Fic: Backward Pawn Magneto/Rogue, PG13
Fandom: Xmen Movie!Verse
Word count: 4805
Summary: Their chess games end in a stalemate because she only knows how to play like he does, and she doesn't understand the game.
AN: Thanks to jazzypom for beta'ing this one for me. If the chess movements that begin the sections don't make sense sequentially, then I claim artistic license. *G* I wrote this for my friend srichard's birthday. Hope you enjoy it!
Backward Pawn: A pawn that has no pawns of it's own color on adjacent files to protect it from attack.
Chess problems demand from the composer the same virtues that characterize all worthwile art: originality, invention, conciseness, harmony, complexity, and splendid insincerity.--Vladimir Nabokov
King’s Rook's pawn to A4.
He makes her play chess with him every night, though it is rather frustrating because neither of them ever wins.
She plays with an admirably ruthless strategy to be sure, but she does not know how to play chess beyond that.
From touching him she knows only how he plays chess, and it is his strategy that he dance across the youthful features of her face as she stares at the board, grasping at the finely-made chess pieces and moving them with frantic, ruthless clumsiness.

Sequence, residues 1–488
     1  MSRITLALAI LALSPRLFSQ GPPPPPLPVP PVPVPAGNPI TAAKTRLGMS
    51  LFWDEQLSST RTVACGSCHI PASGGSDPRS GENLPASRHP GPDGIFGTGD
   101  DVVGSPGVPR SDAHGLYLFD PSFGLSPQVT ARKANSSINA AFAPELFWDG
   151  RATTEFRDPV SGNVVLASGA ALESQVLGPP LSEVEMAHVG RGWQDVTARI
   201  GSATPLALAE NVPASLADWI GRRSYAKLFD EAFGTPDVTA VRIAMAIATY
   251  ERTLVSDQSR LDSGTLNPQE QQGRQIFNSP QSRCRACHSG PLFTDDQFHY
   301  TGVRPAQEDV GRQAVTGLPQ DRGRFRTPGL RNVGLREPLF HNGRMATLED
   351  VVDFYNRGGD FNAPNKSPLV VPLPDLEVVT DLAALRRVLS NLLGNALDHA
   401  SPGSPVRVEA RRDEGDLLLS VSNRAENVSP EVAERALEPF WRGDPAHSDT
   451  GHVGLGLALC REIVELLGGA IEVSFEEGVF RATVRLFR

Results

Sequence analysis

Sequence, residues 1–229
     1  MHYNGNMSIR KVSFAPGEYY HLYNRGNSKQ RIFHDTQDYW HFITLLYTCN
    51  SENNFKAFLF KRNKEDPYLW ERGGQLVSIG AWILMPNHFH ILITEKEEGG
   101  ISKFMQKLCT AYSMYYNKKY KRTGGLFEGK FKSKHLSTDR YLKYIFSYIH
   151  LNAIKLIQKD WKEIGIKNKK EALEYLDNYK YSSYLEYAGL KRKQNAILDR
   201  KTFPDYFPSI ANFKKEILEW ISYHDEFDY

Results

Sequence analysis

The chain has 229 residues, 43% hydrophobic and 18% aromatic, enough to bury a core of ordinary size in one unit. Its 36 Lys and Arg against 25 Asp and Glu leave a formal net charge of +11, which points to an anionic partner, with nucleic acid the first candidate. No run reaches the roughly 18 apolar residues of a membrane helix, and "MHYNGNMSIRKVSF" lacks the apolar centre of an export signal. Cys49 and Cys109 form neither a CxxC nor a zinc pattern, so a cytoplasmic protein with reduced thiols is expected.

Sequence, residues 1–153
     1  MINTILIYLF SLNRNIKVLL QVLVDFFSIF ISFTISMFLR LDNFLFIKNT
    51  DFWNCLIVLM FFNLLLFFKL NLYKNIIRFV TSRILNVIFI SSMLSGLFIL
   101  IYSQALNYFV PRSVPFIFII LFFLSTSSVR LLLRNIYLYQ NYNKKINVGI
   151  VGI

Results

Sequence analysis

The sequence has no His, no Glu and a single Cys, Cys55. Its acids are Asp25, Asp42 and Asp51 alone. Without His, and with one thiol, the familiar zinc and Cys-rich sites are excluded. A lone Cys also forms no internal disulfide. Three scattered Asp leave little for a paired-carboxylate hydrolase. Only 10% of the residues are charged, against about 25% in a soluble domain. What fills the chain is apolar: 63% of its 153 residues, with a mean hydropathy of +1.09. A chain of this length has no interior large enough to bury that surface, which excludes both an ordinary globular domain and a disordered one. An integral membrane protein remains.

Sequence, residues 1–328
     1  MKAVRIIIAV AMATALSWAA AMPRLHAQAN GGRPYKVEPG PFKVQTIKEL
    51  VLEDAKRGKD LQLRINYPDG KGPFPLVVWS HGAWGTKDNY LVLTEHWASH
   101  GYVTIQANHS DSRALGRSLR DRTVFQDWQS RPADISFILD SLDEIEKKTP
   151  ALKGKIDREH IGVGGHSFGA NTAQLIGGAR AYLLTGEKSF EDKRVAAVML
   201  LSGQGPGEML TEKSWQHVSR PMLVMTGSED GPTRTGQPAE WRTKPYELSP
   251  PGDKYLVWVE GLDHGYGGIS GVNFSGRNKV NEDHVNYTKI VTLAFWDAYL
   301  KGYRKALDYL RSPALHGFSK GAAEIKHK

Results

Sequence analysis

“You need a more inspiring strategy,” he told her, sipping his vodka and watching her with hooded eyes.
In two more moves they would be at a stalemate. She knew it and rather suspected he did, as well.
“Maybe you do,” she replied pertly, studying the complex arrangement of figurines before her.
“This is my strategy, not yours,” he reminded her in a stern voice.
Tendrils of frustration were nipping at her nerves as he stared at her; she hated this feeling, of being his accidental mirror-image.
“You were meant to be the savior of all mutant-kind, and you can’t even win a game of chess,” he snapped at her, a hint of anger beneath his words that frightened her.
“I don’t know how to play,” she answered back, eyes lowered. She didn’t want to lose again, because really, that is what playing to a stalemate was, wasn’t it? She didn’t like to lose. Especially not to him.
“A failing, to be sure,” he drawled, and it made her eyes narrow and her cheeks flush. Perhaps that was the Wolverine, that quick slide into anger, or the teenaged boys she’d touched and thus absorbed, or perhaps it was just her.
She knew the intricacies of his chess strategies, but had no ability to understand the why behind them. Somehow she knew this frustrated him; as if by understanding why he played chess the way he did she’d automatically embrace his ideology and join the brotherhood.